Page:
More diverse and resilient woodlands will be crucial in effectively sequestering carbon as well as continuing to provide homes for wildlife and public access to nature.  
Senior Consultant for Cultivated Plants Rebecca Bevan said: “The European Commission has described Xylella as one of the most dangerous plant bacteria worldwide, and warned that it could survive and spread in the UK. 

“We have native insects capable of spreading it, and a long list of vulnerable host species, including common garden plants like lavender and roses as well as native shrubs and trees such as oak, cherry, holly and elder. Our gardens have stepped up their biosecurity measures to reduce the risk of introducing Xylella into UK where it could be devastating for our gardens and countryside.”

National Trust’s head of Trees and Woodland John Deakin added: “We are seeing changing weather patterns of milder and wetter winters and warmer summers that are creating the ideal environment for pests and disease to spread. Increased droughts and storm events are stressing our trees, reducing their ability to resist pathogens.

“This could have a catastrophic impact on our countryside and for nature, as homes for wildlife are depleted. Many iconic and native species may disappear, which is why it is crucial we act now to choose the trees most suited to the places which they will become established, creating landscapes and woodlands that are more resilient to the changing weather we are likely to experience with increasing regularity. This means a bigger breadth pf species and choosing those more resilient and can thrive in warmer and wetter climates. 

“The spread of disease and pathogens are a real-life example of why it is so important that we do everything we can to mitigate the impacts of climate change and stick to the IPCC recommend target of 1.5degree increase.”

He added that trees affected by pathogens will only be felled in areas where falling trees could pose a risk to public safety or to help stop the spread of the diseases, otherwise they are left to degrade and decay to create homes for wildlife.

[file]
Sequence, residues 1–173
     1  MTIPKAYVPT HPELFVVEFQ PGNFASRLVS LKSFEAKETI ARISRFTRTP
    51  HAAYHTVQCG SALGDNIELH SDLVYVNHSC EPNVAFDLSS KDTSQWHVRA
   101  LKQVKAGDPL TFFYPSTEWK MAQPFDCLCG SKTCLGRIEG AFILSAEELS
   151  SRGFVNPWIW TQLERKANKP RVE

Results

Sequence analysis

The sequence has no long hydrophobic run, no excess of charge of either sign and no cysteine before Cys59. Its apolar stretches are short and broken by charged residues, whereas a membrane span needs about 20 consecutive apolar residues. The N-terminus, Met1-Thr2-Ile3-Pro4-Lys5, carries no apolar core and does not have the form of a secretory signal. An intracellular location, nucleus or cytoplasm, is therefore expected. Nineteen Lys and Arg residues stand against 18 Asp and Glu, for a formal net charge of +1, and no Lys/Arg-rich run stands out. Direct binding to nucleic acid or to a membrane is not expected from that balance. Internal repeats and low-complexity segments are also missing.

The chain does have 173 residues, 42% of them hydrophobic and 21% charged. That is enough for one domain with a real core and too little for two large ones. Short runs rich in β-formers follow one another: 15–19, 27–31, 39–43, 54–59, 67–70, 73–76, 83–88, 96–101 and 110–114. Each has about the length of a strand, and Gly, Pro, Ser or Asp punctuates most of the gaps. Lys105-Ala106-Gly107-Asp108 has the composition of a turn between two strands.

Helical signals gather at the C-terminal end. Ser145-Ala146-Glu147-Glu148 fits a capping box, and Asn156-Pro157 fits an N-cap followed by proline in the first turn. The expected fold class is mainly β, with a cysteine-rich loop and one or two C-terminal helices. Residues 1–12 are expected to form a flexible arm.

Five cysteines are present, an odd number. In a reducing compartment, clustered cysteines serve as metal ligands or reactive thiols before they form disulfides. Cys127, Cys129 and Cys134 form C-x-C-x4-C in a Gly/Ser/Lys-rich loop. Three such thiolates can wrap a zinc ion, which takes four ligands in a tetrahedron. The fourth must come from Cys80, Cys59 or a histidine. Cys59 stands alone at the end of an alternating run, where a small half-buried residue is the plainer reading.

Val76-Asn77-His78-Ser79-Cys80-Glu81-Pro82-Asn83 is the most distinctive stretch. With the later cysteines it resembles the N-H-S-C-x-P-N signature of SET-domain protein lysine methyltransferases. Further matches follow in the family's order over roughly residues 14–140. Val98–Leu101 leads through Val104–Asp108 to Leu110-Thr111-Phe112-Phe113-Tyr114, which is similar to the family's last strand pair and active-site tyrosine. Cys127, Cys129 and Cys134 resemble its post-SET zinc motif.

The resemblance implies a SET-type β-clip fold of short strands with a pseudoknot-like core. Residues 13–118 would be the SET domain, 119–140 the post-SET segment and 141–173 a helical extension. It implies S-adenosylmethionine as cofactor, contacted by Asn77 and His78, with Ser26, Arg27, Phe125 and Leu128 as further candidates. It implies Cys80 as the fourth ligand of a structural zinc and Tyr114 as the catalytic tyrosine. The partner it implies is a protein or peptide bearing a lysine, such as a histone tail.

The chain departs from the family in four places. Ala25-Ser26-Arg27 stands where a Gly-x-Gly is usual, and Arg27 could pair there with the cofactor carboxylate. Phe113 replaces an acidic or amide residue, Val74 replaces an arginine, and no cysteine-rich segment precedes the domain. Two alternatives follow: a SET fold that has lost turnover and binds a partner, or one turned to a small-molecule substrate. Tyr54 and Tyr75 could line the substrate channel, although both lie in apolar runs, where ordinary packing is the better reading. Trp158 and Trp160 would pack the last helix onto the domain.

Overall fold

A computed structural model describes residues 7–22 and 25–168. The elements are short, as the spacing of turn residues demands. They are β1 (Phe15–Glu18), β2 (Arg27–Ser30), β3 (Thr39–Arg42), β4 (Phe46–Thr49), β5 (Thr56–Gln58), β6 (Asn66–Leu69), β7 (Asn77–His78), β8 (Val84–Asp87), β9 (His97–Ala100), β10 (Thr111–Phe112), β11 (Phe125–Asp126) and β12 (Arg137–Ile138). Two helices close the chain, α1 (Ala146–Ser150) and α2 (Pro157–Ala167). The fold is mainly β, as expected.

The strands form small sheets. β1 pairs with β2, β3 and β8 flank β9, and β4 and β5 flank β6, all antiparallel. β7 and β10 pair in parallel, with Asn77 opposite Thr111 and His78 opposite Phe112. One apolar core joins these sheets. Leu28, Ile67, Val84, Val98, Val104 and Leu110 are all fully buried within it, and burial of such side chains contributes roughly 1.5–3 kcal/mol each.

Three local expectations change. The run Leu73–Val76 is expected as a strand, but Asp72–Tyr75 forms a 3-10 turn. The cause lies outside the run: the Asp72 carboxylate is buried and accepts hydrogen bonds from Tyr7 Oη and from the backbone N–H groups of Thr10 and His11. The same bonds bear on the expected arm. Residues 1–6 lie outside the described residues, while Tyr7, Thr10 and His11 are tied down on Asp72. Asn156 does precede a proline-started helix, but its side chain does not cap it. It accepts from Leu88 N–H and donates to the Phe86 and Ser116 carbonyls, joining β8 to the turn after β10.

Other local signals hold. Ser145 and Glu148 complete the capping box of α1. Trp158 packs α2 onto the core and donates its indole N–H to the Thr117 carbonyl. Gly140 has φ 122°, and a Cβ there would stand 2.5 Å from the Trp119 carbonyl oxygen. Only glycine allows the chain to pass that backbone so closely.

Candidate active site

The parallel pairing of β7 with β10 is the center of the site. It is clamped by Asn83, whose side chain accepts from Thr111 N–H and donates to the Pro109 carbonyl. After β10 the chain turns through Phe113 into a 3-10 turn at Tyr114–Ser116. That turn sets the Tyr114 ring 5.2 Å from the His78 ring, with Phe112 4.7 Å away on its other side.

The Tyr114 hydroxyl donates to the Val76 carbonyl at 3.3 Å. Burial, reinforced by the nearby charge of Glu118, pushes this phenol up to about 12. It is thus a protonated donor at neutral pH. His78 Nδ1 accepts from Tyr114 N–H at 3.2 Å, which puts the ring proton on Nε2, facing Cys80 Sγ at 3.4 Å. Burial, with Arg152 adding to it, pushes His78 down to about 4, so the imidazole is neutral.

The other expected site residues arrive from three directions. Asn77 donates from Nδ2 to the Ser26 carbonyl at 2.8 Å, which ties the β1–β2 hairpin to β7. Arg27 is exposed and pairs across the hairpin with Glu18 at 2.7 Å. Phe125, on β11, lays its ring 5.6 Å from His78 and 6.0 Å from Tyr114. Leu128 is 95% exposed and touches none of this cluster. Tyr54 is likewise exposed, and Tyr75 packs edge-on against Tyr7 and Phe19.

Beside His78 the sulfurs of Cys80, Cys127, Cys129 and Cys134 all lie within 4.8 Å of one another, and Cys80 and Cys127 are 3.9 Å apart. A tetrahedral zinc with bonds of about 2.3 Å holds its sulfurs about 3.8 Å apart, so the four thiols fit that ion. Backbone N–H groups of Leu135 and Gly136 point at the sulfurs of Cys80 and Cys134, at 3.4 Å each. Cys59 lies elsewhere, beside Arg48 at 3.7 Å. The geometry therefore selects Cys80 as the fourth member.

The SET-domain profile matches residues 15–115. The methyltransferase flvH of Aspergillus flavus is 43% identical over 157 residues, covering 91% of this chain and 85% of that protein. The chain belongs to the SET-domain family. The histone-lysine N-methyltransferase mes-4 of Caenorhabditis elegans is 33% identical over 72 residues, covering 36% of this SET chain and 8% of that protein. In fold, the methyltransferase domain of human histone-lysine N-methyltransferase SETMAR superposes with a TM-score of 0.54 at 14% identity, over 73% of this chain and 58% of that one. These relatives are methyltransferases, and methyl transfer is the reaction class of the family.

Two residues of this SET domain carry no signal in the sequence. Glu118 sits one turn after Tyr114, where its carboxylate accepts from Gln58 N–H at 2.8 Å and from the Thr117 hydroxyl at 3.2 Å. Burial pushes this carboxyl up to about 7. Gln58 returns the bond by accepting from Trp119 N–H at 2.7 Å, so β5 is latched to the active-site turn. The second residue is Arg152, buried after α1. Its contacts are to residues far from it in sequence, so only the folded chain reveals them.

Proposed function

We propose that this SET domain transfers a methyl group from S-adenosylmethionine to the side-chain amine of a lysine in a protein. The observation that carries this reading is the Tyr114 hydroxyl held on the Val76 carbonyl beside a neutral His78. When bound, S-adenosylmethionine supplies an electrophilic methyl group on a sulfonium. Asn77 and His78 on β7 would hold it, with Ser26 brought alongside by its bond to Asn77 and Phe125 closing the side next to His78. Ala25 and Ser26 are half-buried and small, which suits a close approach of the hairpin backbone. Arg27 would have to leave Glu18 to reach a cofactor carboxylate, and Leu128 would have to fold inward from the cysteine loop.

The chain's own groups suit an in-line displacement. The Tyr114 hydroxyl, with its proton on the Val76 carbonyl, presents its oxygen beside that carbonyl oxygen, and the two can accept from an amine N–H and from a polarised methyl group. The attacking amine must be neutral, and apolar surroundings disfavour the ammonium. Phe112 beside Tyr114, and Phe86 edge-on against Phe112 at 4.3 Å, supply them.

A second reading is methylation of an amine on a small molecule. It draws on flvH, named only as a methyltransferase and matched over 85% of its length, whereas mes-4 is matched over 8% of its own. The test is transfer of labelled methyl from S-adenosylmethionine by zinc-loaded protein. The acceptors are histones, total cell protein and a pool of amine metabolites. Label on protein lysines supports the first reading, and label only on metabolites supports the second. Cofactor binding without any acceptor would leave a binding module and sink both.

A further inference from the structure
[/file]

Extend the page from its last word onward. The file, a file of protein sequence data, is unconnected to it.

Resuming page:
“The species we are replacing ash with vary depending on the location. In natural woodland, for example, we choose species that are native to the site like field maple and lime, but in other locations we may include a proportion of species from further south in Europe that will provide similar benefits – for instance walnut.  Replanting comes at a cost to the charity, both in contractors’ fees to fell diseased trees but also to plant and maintain their replacements. This is time and resource that could be spent elsewhere.” 

Stark aerial images taken by the National Trust demonstrate the scale of ash dieback surging through our woodlands and forests. 

Taken at the end of summer, the pictures show trees dying and decaying in a number of locations, at a time when they should still be green and flourishing. 

That is why it is more important than ever that the right trees are planted in the right places and sourced responsibly, making campaigns like the charity’s Plant a Tree fundraising campaign more important than ever in fighting the nature and climate crises. For more information or donate see here.